I had to pick a book off my TBR shelf this past week, so I chose one that had been there too long: The Time in Between by Maria Duenas. This novel is set between the world wars in Spain. It’s a time period I’ve been reading more about, but a setting that’s quite new to me. The book was originally published in Spain and it’s very unusual for me to read a Spanish book in translation. So, for all these reasons, I wanted to read this novel. Plus, it sounded intriguing.

Sira Quiroga seems destined for a quiet life in Madrid. The poor daughter of a single mother, she was raised to be a seamstress. But everything changes when she meets an older, handsome, seductive charmer who sweeps her away to the Spanish Protectorate in Morocco on the eve of the Spanish Civil War. Naturally, that relationship ends badly. Sira finds herself abandoned and penniless in a foreign place where she knows no one, and she is unable to return home.

This courageous, beautiful, strong woman is able to rise from the wreckage with the help of kind strangers who become friends. She returns to what she knows, sewing clothes for the wealthy, and makes a name for herself as a designer/dressmaker. (Vague hints of Mademoiselle Chanel here, but the resemblance is only passing.)

As she settles in to her new life, new challenges arise. World War II is on the horizon. Germans have swarmed over Morocco and over Spain. Sira is well-positioned to provide services to the wealthy German wives, and to the wives of top Spanish officials as well. This makes her useful to people looking for information. Recruited to be a spy, Sira returns to Madrid to navigate the dangerous world of political and military secrets.

The Time in Between is a weighty book. It is packed full of historical detail and quite a bit of descriptive detail to make Morocco and Spain come alive. Because of the complexity of the history, there are parts that move rather slowly, but it is well plotted and other parts fly by. Sira is a well drawn character, growing from a somewhat flighty, easily duped young girl to a cynical, intelligent agent who can spy with the best of them. This is an interesting read (and a moving love story also!), well-worth the time invested.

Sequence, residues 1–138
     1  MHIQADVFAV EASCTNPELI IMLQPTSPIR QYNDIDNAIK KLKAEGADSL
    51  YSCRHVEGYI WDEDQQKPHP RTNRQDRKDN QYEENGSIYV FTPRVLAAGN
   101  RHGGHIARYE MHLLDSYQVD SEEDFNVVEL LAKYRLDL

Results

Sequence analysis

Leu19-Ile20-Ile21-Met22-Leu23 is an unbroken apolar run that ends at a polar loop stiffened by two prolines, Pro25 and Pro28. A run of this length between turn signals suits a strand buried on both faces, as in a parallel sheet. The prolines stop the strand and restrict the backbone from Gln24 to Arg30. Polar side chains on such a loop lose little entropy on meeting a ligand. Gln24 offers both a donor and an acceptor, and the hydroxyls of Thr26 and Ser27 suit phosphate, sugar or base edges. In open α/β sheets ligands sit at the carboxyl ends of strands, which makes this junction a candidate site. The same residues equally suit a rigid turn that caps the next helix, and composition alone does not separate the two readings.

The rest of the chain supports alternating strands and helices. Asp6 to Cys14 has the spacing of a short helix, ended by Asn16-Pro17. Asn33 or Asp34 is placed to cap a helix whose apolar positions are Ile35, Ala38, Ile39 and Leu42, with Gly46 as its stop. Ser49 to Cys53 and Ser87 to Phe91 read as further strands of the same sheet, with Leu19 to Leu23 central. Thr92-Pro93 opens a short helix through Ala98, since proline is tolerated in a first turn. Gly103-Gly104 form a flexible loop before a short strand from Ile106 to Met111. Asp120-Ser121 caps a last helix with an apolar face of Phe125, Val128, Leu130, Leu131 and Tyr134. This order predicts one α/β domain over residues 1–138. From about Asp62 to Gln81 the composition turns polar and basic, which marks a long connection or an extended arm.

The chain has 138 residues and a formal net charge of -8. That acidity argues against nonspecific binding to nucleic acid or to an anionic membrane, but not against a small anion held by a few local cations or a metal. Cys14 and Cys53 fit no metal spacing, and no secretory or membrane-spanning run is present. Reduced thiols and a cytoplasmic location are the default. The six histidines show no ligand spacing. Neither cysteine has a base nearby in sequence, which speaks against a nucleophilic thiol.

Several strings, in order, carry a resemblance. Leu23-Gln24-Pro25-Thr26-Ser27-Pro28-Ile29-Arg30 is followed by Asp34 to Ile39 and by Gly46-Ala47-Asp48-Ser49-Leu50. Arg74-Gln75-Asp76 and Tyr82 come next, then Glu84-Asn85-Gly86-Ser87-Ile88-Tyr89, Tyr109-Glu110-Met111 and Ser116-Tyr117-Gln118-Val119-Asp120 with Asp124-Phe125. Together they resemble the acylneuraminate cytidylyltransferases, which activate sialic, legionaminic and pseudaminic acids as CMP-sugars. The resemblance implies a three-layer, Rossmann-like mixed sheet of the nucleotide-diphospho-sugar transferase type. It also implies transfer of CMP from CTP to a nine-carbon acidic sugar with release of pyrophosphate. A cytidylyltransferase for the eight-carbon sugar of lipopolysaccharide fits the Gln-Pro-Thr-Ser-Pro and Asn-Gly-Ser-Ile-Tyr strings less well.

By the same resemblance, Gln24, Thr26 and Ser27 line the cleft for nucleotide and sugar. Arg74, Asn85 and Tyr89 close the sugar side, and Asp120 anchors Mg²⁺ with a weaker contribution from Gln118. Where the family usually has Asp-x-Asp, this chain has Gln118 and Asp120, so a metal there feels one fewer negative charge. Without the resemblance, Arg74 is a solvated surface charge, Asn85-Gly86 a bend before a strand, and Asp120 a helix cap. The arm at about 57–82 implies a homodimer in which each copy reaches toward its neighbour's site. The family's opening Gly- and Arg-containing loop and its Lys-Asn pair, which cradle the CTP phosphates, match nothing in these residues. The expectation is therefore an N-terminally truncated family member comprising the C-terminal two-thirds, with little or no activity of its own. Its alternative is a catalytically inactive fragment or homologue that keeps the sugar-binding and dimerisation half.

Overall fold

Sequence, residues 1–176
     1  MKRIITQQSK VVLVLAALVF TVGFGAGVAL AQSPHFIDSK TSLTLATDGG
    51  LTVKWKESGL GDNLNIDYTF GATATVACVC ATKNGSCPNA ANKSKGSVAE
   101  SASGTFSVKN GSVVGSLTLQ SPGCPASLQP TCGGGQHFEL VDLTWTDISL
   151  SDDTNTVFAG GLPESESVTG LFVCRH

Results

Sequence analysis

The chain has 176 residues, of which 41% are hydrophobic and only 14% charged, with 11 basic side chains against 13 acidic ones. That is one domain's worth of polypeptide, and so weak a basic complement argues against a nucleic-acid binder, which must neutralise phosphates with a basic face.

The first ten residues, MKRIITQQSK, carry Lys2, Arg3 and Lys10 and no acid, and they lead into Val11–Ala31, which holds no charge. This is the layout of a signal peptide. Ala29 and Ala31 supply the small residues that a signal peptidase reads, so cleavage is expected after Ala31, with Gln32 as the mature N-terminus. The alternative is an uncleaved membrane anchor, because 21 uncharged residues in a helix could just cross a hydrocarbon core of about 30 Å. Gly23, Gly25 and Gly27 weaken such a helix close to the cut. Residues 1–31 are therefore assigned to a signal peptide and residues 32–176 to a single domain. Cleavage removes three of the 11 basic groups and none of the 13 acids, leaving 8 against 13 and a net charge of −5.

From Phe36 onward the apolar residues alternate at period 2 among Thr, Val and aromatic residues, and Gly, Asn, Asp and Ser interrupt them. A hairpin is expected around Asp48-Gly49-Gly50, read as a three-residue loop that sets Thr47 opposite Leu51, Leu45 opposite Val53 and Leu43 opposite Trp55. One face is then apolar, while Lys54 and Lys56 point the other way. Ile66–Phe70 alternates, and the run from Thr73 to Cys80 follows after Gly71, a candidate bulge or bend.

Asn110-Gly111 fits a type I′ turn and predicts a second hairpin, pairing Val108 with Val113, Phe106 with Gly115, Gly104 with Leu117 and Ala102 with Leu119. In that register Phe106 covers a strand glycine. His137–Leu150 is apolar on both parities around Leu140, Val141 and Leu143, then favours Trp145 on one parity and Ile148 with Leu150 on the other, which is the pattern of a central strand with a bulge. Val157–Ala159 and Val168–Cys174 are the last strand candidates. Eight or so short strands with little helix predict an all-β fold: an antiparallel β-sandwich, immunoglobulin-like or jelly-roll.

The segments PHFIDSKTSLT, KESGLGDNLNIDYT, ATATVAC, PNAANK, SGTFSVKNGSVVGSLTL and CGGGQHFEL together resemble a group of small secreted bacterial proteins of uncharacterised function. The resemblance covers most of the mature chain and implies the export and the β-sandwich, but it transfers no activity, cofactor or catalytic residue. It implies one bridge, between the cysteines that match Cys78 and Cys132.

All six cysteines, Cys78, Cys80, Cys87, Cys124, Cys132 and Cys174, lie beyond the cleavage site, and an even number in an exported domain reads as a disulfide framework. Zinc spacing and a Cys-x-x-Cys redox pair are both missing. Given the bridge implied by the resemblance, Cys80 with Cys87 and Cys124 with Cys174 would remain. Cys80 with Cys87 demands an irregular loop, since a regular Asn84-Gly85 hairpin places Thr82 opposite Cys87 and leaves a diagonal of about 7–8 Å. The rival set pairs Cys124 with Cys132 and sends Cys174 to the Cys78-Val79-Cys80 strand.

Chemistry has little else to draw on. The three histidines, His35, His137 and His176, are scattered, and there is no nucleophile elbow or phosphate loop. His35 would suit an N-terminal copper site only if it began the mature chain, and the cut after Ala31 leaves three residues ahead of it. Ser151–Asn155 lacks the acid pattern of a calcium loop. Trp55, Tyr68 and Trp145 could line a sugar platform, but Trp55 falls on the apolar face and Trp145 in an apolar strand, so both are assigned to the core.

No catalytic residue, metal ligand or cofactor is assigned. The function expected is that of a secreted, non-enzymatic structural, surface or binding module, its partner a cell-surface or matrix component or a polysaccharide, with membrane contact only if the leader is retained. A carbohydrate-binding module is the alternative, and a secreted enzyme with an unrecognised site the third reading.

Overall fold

Wednesday, June 10, 2015

WAITING ON WEDNESDAY: Death Comes to Kurland Hall by Catherine Lloyd

Waiting on Wednesday is a weekly blogging event hosted by Breaking the Spine. Bloggers can share the soon-to-be-released books that they can't wait to read.
I often introduce a mystery I've read with the statement that I don't read many mysteries, but it's getting to the point where I have to give up that disclaimer because I'm starting to read a lot of mysteries. The thing is, they tend to be series and, once I begin a series, I usually stick with it. One new historical series that has me pretty well hooked is Catherine Lloyd's Kurland St. Mary Mystery Series. (See my reviews starting with Death Comes to the Village and then Death Comes to London.)

Book Three is: Death Comes to Kurland Hall.

The blurb from Goodreads is:

As wedding bells chime in Kurland St. Mary, a motley group of visitors descends on the village—and with a murderer on the prowl, some of them may not be returning home…

Lucy Harrington has returned to Kurland St. Mary to help with her friend Sophia Giffin’s wedding. But her homecoming is made disagreeable by the presence of Major Robert Kurland, whose bungled proposal has ruffled Lucy’s composure, and a meddling widow who has designs on her father, the village rector.